Knots come in many shapes and sizes and perform a variety of functions, as any Boy Scout or outdoors enthusiast knows. Understanding how to tie a knot may mean the difference between life and death. Some knots unravel easily, while others need persistent focus and attention in order to untangle. Working through the problem of evil is much like untangling a knot that’s both challenging and delicate. It’s not merely an intellectual exercise, whereby one seeks to solve a problem, as one might do when working through a complicated math theorem or scientific theory, but a problem that affects each of us deeply and existentially.
Responding to the Problem of Evil
We all experience evil in some way or another, and how one understands and responds to evil is deeply connected to one’s worldview commitments, especially those worldviews that hold to the existence of God. As John Feinberg reminds us in The Many Faces of Evil, one’s conception of God plays a significant role in how one answers the question of evil. For not all concepts of God are equal. Even among people within the same general worldview, there are substantial differences between their ideas of God. Take, for example, the difference among theists. Unlike Jews or Muslims, who hold to God as one person, Christians believe that God is tri-personal. But what ultimate difference does it make if God is mono-personal or tri-personal?
The problem of evil not only affects theists of every stripe, but all people who have been confronted by the tragedies and horrors of evil in the world. Each worldview must confront the reality and problems brought about by evil—problems that touch every tangent of our finite earthly existence. While each worldview provides an answer to such questions, not all worldview responses are on par with one another. Some worldviews provide a thicker response to the question of evil than others. The problem of evil raises questions related to the meaning and purpose of life. Is there any meaning to our finite existence and the suffering we experience in the world, or is this life all there is? Should we have as our motto: “let us eat and drink, for tomorrow we die”? As theologian Paul Tillich reminds us, each one of us stands in between being and nonbeing. We all teeter on the edge of life and death. But even if this life is all that there is, can a person find meaning and purpose in the face of suffering? For a serious seeker, she must contend with the question of what constitutes a thick worldview response to evil and how such a response differs from a thin worldview response. What criteria should one use when analyzing worldview responses to evil in the world? Which worldviews are even live options in the face of evil?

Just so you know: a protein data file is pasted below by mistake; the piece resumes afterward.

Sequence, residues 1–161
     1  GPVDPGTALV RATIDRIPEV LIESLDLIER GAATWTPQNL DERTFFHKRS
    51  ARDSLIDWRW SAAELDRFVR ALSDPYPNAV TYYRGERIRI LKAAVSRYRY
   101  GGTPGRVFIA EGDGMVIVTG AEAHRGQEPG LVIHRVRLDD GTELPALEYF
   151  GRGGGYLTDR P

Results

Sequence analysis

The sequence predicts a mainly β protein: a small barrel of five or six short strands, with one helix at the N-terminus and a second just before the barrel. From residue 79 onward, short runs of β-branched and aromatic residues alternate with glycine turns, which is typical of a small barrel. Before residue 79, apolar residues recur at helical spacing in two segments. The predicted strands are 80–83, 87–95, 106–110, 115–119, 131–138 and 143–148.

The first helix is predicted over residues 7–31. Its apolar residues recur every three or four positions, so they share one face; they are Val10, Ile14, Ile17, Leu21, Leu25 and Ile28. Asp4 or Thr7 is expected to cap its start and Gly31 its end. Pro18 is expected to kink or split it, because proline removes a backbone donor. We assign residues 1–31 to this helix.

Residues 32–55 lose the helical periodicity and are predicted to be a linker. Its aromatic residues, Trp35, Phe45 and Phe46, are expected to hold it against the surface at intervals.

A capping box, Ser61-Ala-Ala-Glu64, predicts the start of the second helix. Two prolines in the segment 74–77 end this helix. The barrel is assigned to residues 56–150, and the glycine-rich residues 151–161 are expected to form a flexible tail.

Any adequate response to the problem of evil, then, must answer such questions as the ones raised above. How does Christian theism fare with such questions in comparison to other worldviews or metaphysical systems? Does Christianity have within it, not only the resources to present a rational explanation for why evil exists and an answer to what God is doing about evil (or, at least, why he allows it), but also the capacity to provide a response to the existential dimension of evil in the world?
Worldviews and the Problem of Evil
Worldviews and the Problem of Evil is an attempt at providing a robust response to the problem of evil from a Christian perspective. In this book I argue that, in comparison to four other broad metaphysical systems—naturalism, pantheism, process panentheism, and theism—Christianity provides a thick response, not only to the intellectual problem of evil, but also to the existential/religious problem. In addition, Christian theism provides a thicker response than other theistic worldviews. Particularly, within the central teachings of Christian theism, especially the doctrine of the Trinity, Christians have the tools for providing a robust response to the problem of evil.
This post is adapted from Worldviews and the Problem of Evil by Ronnie C. Campbell, Jr (Lexham Press, 2019).